However where I see a real solution to our problems is in a return to a much greater amount of living carbon, drawing down say 325 gigatons of atmospheric carbon into increased biomass on land and in the oceans, which I believe could be done in a matter of 10 to 15 years by growing forests, restoring soils and most importantly fertilising the oceans in such a way that the correct amount of nutrients are permanently available long enough for the re-establishment of the original ocean ecosystems.

Simply put, human activity has reduced the amount of living things on earth by more than 50%. We know therefore that the Earth can support double the amount of life that is on it now. If we go flat out to promote the regeneration of life and then maintain twice the amount of living things that are on the planet now, we will quickly have drawn down enough atmospheric CO2 to restore the climate and de-acidify the oceans.

This will double the size of the existing natural carbon cycle which is presently somewhere in the region of 600 gigatons per year, currently only about 10 to 15 gigatons is permanently sequestered out of the living carbon cycle. With a much greater amount of biomass on Earth the carbon cycle will increase and so too will the amount of permanently sequestered carbon out of the living carbon cycle.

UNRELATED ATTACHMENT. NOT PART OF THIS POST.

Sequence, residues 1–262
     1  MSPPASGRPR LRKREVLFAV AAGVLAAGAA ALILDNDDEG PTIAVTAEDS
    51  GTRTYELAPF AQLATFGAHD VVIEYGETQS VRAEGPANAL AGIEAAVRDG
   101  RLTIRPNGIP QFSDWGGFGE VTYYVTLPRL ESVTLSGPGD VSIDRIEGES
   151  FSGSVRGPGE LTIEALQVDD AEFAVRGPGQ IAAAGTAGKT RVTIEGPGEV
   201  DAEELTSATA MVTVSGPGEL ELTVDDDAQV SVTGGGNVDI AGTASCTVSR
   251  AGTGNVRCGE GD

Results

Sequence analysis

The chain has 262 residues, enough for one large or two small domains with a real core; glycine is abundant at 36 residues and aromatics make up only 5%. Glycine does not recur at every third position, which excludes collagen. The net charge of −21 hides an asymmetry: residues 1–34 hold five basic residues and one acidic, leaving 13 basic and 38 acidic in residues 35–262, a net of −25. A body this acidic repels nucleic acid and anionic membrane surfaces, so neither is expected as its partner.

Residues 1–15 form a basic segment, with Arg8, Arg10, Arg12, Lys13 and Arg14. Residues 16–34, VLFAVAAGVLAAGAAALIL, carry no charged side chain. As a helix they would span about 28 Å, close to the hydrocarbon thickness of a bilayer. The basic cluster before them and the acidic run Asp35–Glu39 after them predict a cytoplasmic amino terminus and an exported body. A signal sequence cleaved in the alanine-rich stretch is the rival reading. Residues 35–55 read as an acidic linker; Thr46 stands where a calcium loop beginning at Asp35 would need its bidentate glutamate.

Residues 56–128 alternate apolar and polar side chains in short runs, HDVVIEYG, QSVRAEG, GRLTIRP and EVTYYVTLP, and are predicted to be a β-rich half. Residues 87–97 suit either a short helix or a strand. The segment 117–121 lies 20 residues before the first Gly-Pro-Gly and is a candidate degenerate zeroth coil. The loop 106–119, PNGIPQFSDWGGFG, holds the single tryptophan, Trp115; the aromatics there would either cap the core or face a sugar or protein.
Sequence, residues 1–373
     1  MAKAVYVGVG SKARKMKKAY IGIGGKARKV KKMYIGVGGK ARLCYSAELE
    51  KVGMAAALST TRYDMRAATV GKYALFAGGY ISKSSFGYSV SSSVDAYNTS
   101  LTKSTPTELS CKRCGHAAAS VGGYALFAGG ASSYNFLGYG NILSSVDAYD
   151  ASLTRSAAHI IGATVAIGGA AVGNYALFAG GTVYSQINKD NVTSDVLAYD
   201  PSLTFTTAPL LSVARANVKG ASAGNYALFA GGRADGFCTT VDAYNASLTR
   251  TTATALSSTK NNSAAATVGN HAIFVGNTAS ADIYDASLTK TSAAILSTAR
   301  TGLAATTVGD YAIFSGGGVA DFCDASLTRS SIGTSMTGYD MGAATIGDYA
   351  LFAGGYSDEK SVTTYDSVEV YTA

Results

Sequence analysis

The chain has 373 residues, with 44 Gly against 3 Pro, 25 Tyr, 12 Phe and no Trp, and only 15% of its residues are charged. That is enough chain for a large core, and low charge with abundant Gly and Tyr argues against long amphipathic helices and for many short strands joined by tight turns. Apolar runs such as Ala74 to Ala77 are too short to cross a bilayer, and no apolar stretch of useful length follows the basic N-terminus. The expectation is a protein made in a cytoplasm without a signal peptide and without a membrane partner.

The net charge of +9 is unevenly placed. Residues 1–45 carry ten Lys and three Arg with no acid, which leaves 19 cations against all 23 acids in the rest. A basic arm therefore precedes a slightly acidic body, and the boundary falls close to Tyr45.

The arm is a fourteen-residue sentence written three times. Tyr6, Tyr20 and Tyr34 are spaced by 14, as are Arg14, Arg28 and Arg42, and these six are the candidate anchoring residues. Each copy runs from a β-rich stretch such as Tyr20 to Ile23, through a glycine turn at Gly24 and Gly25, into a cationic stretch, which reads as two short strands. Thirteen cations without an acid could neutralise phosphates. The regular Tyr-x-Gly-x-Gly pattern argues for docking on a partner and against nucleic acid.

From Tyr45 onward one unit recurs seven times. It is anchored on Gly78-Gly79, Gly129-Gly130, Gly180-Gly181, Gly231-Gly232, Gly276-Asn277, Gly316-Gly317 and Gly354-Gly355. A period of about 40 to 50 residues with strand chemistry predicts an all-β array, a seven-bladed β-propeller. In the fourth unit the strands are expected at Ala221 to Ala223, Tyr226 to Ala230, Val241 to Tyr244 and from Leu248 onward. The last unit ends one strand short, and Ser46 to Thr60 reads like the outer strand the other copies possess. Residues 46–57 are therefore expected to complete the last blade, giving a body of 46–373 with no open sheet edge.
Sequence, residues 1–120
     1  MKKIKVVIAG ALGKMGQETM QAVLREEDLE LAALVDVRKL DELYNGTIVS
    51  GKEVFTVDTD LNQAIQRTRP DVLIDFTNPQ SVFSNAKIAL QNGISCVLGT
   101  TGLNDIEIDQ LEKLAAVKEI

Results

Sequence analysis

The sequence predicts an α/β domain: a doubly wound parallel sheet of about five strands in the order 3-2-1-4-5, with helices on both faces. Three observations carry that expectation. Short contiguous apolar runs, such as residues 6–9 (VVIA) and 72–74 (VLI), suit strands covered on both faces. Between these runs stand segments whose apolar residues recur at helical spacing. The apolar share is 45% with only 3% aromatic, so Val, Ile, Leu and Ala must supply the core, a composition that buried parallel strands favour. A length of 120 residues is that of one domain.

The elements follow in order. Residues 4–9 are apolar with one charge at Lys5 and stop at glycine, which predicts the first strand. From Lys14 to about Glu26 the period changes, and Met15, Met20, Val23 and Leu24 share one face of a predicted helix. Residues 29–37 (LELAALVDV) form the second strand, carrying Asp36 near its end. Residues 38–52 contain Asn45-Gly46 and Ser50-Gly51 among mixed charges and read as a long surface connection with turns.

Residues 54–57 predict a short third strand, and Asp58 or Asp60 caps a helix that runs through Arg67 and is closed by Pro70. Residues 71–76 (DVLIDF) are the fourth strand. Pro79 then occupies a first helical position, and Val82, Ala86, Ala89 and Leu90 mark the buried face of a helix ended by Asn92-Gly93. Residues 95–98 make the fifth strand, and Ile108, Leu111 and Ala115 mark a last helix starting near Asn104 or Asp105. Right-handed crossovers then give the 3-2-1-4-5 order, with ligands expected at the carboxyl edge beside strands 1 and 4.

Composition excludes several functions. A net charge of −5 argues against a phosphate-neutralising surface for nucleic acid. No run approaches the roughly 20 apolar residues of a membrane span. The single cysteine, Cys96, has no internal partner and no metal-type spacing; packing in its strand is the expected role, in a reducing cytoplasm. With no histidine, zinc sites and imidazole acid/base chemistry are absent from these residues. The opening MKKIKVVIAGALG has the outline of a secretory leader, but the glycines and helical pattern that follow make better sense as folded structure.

The big one-off atmospheric CO2 reduction comes from the growth in biomass in the active live carbon and that can happen relatively quickly.

Importantly the numbers show that there is opportunity for this over-correction which will allow us some hydrocarbon burning leeway, in order to make the transition and to maintain essential economic services. This is immensely important because as well as having added significant greenhouse gases, we also have atmospheric pollutants which shield us from solar radiation and if we fail to maintain these before atmospheric carbon levels are rebalanced, then we risk almost immediate temperature spikes particularly overland which could have devastating impacts on global food production. The economic collapse which would come about if we stop flying and reduced our hydrocarbon energy generation too fast, must be avoided at all costs, as it would immediately kick off a series of extremely severe positive feedbacks. Just consider the impact of millions of starving people in bankrupt economies, cutting down every last tree for fuel and eating anything left alive.